Email Content That Generates Sales
You’re sitting in front of the computer screen trying to write an email to send to your email list.
And nothing comes to mind.
Not. A. Single. Thing.
What the heck are you going to write about??
We’ve all been there at some point. And it’s painful. You don’t have time to waste figuring out what to say – let alone do that on a consistent basis.
So here are some ideas to get you going. Keep reading for a summary or watch the video for more details.
Five Content Categories
Good email marketing content falls into five categories:
This is what most people think about when they hear “email marketing” – especially around the holidays. I just got a barrage of emails for Black Friday and Cyber Monday, most from companies I have no interest in. Yuck.
Unless you’re running an online store, direct promotions (what you’d typically think of as “sales emails”) should be the smallest percent of your emails – perhaps 10% of your emails would fall into this category. These are emails where you’re basically saying “here’s our product/service, it’s on sale, buy it now”. If that’s all you ever send, it’ll get old pretty quickly and you’ll likely see unsubscribe rates increase.
Having said that, realize that every email you send is in some ways a promotion. You’re always “selling” something, whether that’s a product/service or yourself, your company, your expertise/knowledge, etc.
Try mixing up your promotions. For example, try offering discounts/sales, bonuses for referrals, extra services for a limited time, special offers on new services/products, or reduced rates if they pay before the end of the year for services scheduled over the winter.
Tip – Focus on what’s in it for your readers, rather than the service or product itself.
This will be the majority of your emails, especially if you’re a service provider (rather than retail). The goal is to educate your subscribers to help them understand the benefits of what you offer. The more they understand what it is and how it will help them, the more likely they are to buy.
So what can you educate subscribers about?
Think through the kinds of questions you typically get from customers. Answer them.
What are your service or product offerings? Describe the value that customers get out of it – how does it make their life better, easier, safer, more productive, etc.? They don’t care about your service or product, just about the benefits for them.
“Case studies” showcasing a particular customer and their results can work wonders (get permission first, of course). Before and after photos are usually a big hit.
Look at the typical problems your customers face. Show them how to solve those problems.
Try looking at the questions people ask in online forums, blog comments, or sites like Quora and Reddit.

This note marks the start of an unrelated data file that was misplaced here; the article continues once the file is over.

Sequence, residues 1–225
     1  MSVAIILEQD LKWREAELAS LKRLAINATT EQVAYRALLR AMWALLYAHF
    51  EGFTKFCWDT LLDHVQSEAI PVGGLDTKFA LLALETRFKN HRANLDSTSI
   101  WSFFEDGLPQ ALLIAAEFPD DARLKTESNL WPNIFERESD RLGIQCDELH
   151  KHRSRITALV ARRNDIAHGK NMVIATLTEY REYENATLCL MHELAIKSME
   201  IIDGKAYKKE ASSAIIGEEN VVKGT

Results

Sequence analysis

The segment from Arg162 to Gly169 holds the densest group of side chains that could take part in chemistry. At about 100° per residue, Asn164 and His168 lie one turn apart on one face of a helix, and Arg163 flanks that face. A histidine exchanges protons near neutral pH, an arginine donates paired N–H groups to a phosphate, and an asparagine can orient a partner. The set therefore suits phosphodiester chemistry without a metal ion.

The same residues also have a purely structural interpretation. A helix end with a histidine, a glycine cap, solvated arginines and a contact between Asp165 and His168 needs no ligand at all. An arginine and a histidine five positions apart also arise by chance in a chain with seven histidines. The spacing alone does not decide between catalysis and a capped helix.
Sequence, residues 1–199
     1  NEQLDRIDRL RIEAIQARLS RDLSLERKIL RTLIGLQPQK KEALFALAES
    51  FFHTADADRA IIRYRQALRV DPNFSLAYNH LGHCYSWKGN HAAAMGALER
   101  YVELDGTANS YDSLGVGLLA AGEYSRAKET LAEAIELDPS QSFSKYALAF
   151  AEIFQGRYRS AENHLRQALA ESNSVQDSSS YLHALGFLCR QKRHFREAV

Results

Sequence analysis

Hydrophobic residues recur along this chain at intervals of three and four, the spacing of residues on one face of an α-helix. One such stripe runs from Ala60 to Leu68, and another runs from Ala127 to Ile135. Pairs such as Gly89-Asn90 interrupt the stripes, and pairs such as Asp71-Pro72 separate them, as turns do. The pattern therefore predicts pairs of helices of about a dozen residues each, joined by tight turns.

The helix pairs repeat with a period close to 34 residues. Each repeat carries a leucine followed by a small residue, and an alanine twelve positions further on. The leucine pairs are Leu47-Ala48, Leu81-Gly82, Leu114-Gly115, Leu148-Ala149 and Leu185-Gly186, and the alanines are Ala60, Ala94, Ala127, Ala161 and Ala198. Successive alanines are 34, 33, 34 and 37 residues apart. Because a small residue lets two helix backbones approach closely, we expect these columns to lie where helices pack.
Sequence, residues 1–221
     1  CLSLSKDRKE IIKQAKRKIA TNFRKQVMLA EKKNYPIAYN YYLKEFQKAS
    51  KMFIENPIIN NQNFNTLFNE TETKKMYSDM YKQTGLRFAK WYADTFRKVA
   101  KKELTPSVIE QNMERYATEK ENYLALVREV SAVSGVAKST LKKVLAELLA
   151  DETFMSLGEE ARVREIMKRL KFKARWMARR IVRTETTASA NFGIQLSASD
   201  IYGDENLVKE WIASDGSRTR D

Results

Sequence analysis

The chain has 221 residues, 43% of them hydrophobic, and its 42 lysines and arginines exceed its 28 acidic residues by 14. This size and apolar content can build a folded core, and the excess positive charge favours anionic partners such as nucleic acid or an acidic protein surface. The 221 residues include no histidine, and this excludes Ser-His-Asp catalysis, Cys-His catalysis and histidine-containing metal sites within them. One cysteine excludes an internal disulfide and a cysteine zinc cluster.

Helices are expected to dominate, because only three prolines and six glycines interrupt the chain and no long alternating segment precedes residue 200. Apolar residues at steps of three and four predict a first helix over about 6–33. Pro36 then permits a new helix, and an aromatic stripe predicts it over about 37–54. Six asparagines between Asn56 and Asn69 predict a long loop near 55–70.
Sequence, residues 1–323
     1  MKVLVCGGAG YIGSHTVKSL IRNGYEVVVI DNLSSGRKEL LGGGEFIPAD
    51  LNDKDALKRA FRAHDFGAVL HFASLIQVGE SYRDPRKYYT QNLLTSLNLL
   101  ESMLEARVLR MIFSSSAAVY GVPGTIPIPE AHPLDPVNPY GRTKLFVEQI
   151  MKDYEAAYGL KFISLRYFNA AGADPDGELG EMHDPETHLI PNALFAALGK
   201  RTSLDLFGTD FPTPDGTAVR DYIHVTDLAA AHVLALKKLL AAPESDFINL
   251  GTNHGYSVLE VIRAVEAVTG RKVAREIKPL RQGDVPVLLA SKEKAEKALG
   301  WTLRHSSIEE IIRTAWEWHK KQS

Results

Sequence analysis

If you write a blog, or publish content on LinkedIn, Facebook, Medium, etc., then take a look at the topics that got the most engagement. Those are good candidates for your email marketing.
And ask questions. People love to feel that they’re valued and included. If you ask, they’ll tell you what they want to know. Ask them what they’re struggling with or confused about, what strange things they’re noticing in their yard, or how well specific products (e.g., plants, treatments, tools) are working for them.
What do your subscribers need to know? What would be helpful for them?
Inform them of
- upcoming events (e.g., talks, webinars, conferences, charity events that you’re involved with, local community events like Christmas tree lightings, light displays, Xmas tree recycling),
- changes that impact their lives (e.g., legal issues, new products or product recalls, weather), and
- what’s going on in your business (e.g., new staff, improved invoicing process, holiday hours, special holiday products or services).
Keep the information timely and relevant to your readers.
This isn’t necessarily a content category that requires a separate email of its own – unless your readers expect to be entertained. But do try to work some of the “entertainment factor” into your emails. Not all your emails need to be serious.
Be careful with jokes, but consider including videos, photos of fun things related to your business, comics, and stories.
Ultimately, the goal of email marketing is to increase sales.
But you start by building a relationship with your subscribers. People who feel that they know you are more likely to like and trust you.
And who are you most likely to buy from? Yup – someone you trust.
So tell short (and relevant) stories about yourself, show people what a day in your life looks like, introduce your pet or family or employees, give a behind the scenes tour of your business.
Don’t be overly familiar with your readers or share anything that could put your personal security at risk, but do give them a glimpse into who you are and what motivates you.
Let your personality shine through.
So, what are YOU going to write about today? Let me know in the comments below!
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